"Do you have children?"

It seems as though the frequency of the question should numb the sting - but it doesn't.  Whether your wait for a baby feels like an eternity or has just begun, the issue of infertility reaches deep into our emotions with fingers that touch many of our relationships.  There are four specific areas where my husband and I have dug deep emotionally and spiritually to find the treasure in this season of waiting: our friends, our identity, marriage and our relationship with God.

I.  Friendships

It can be painful spending time with friends surrounded by baby coos and toddler's cuddles when your own arms are empty.  I watched a friend who had just miscarried clench her fists at the announcement of another woman's pregnancy as she declared, "That should have been mine!  That was supposed to be my baby!"  The temptation to become jealous or give way to self-pity is very real and very ugly in this circumstance.  I have employed a few tactics in this area:
1. Confess any self-pity or jealousy to the Lord. 

2. Pray before going into a situation that will be charged with "baby wanting" emotion. Ask for God's comfort, truth and perspective. 

3. Exchange self-focus for other-oriented thinking by serving friends with children. 

4. Limit time in circumstances that increase "baby wanting".

II. Identity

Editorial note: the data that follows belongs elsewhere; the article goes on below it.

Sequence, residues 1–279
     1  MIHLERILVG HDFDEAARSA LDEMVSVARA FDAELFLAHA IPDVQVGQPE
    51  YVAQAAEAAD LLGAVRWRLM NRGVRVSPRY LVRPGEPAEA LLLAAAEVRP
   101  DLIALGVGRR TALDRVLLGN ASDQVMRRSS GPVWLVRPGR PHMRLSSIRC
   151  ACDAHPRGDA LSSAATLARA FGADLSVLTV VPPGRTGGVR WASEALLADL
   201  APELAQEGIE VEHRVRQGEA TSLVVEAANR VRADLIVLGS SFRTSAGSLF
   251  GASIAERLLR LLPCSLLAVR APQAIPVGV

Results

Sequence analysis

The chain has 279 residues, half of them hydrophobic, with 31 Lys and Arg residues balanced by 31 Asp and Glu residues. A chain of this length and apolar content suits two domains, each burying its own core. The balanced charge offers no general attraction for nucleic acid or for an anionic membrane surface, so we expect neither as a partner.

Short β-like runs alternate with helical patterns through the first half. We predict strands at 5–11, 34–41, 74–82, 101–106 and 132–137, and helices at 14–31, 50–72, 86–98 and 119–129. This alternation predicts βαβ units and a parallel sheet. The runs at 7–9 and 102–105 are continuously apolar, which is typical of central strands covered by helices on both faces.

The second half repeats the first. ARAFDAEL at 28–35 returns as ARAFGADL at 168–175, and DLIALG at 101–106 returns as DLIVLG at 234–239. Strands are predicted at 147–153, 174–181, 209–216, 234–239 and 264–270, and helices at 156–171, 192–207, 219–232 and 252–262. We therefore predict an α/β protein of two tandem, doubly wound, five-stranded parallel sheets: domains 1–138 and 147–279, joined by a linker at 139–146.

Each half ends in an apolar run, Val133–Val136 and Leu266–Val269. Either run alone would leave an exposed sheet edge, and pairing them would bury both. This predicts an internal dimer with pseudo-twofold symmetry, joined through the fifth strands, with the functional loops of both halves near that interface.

Facing down infertility can deeply impact your identity.  Thoughts like, is God withholding blessing from meMaybe I would just make a really bad parent.  Or my personal favorite, I must be crazy! Hoping (or being positively convinced) each little symptom is the one that finally means "I'm pregnant!" while the months slip into years, can make anyone feel a little delusional! 

Beside all the "crazy" thoughts, there can be heavy guilt associated with not being pregnant.  My heart has ached as I have wrongly absorbed responsibility for not getting pregnant.  Two women jeeringly asked, "What's the matter with you? Why can't you give your husband children?"  For some couples, past failures or hurts rear their ugly head. Abortions and STDs can increase the difficulty in having children, further compounding a sense of guilt.  Sexual baggage from personal choices or abuse can get tossed into the issue of processing infertility. The empty cradle has profoundly deep emotional impact. In order to maintain a healthy self-image in the midst of this circumstance, here are a few stabilizing practices:

1. Confess wrong thinking about issues of guilt as they come up.  If past mistakes have a long-term affect on your fertility, ask God to forgive you and then live in His grace! This won't necessarily solve your medical concerns, but it will bring spiritual healing and more peace. And remember, no one is perfect. We're all sinners in need of grace. And if you wrongly take responsibility for your infertility, ask God to purify your thinking with His truth.

2. Talk and pray with your spouse, a mentor, ministry leader, Christian counselor  -- or all of the above to Scripturally process any old baggage your empty cradle might be stirring up. 

3. Root your identity in what the Bible says about you.

III. Marriage

When a couple sets out to start a family, it is devastating to come up month after month with a negative sign on the pregnancy test.  But in the middle of the disappointment there can be good things that come your way.  While you and your spouse are waiting, try these ideas:

1. Pray about three qualities you want your family to have and then spend time developing them.  Example: my husband and I want to grow in our finances so we are doing a Christian video seminar together about financial freedom.